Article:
Hadar was sure we would find pants in the bigger chain stores. We picked out the largest clothes we could find and tried to get into them while we talked through the dressing room curtains. Hadar told me she had made the money for her trip to South America by posing as an art student in Madrid and selling paintings of famous Spanish places that were actually painted by Chinese people who she guessed had never been to Spain. I couldn’t get the largest-size jeans over my knees. I aborted pulling them up mid-mission because the fabric where the thighs should have gone was wrapped around my calves and felt tight. Hadar said that by the time her money ran out and she had to fly back to Israel, she would have to decide if she wanted to move back on the Kibbutz she grew up on near Haifa, if she wanted the Kibutz to pay for her Naturopathy school. Then she announced, “Disgusting,” and told me to come in her changing room. She was looking at an image of herself in the mirror with a pair of jeans on that wouldn’t zip up. She said that that exact size in that same store fit in both Israel and Spain. She said it like the two nation states were on her side in the cold war of women’s clothing sizing.

I left Hadar in the dressing room to stretch clothes she had no intention of buying so I could ask a sales lady about larger sizes. I pointed to my thighs. She looked pained at the idea that I would do something as humiliating to pants as wear them in a size that large. She said the store didn’t make them in the equivalent of an American 10-12. I asked who did, and she tried to think about it for a moment. She walked over and talked to another sales lady, then came back with the verdict: She didn’t think anyone in Buenos Aires made pants big enough to fit me.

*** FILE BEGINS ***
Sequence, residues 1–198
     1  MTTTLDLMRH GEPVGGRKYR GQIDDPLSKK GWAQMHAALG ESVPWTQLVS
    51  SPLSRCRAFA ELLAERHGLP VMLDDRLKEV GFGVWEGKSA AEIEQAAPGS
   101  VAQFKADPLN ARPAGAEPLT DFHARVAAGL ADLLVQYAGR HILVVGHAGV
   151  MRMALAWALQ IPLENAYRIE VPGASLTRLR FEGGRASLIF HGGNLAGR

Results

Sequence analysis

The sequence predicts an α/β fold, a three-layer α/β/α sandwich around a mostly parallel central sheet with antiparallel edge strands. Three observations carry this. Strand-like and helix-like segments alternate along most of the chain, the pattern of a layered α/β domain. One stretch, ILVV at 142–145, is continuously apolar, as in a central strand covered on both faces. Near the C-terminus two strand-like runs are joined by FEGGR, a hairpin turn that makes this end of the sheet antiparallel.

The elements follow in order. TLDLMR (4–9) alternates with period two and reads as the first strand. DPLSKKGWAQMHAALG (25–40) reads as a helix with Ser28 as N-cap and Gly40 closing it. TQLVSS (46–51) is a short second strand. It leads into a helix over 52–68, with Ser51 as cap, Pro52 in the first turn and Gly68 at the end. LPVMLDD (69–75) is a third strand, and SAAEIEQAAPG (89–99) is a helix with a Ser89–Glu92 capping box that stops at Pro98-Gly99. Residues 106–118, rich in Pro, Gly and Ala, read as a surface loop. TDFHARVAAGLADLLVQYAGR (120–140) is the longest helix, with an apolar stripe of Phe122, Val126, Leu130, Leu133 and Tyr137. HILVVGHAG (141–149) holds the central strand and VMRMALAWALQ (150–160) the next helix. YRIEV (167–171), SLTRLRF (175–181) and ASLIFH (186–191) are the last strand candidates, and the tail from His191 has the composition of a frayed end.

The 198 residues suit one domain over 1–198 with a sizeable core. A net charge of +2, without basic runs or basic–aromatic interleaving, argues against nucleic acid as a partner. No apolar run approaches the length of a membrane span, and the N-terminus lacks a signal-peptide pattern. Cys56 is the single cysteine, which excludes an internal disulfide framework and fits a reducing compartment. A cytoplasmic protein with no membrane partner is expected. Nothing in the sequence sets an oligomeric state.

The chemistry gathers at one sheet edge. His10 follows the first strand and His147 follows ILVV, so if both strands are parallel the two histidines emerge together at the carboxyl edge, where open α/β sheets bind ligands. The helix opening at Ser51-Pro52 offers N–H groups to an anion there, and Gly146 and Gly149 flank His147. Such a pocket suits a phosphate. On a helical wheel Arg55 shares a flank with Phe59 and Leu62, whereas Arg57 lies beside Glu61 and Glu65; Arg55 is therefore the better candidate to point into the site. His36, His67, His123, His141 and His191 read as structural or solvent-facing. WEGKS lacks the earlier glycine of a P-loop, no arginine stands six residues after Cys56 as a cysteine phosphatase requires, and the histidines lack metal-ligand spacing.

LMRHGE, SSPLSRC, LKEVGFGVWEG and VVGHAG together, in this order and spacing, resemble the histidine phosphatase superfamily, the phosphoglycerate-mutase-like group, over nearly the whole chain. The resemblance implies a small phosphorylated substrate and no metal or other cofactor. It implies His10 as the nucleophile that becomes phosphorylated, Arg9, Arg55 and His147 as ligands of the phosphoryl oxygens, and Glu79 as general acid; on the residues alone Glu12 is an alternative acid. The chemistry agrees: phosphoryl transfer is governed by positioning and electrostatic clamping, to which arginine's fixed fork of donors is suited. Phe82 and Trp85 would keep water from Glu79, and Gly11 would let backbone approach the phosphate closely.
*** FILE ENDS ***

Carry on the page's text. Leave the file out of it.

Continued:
I walked back to the dressing room and announced to Hadar that Buenos Aires and possibly the Nation of Argentina had officially deemed us too fat for pants. On the way back to the hotel Hadar picked up another pack of cigarettes, and I picked up another chocolate-covered alfajor.

When we got back to our hotel room the Israeli guys we knew from Brazil were in there smoking the new hashish like it was their job. They had gotten our key from downstairs, they wanted to know at what point we would be ready to club, and they also wanted to use our bathroom because they had a room so cheap it didn’t have windows or a toilet that worked.

At the nightclub I felt worse than normal. It looked like the kind of place you might see featured in Dwell or Architectural Digest. It was a three-story historic building furnished with red velvet drapes and lounging couches and pillows. In the magazines they would blur the light and the dancers to emphasize the energy and ambience, to convey that if you were here in this exotic location, people would love you and you wouldn’t even feel like yourself.

But I was there and when I saw the couches that well-dressed clubbers were lounging on seductively, I just collapsed on one in my nylon pants, long underwear, and trail running shoes. I think it was a combination of a sugar crash, sleep deprivation from the night bus, and culture shock. The Israeli guys danced, and Hadar sat by me and pointed out girls that she thought might wear a bigger pant size than we did. Inside the dance club I felt cold and strange and unfriendly.

In the following weeks I recovered from my discotecque breakdown and walked alone around Buenos Aires a lot. I thought it was beautiful, and that it was not just the discotheques that were sophisticated. The city had nice galleries, used book stores, and parks, and I started to ask around about possible jobs and housing. But when Hadar one day proposed we make our way north toward Bolivia, I packed up some foil packets of mini alfajors, and dark chocolate alfajors, and agreed to move north with her. And I am not entirely blaming the pant issue, but I think some resentment lingered. It was hard to envision myself living long-term in a city that wouldn’t allow me wear its pants. • 11 March 2008

When Emily Maloney is not traveling the globe, she lives at home with her mom in Oregon. Her column Emily’s World appeared weekly on The Smart Set. She can be reached at emilymaloney@yahoo.com.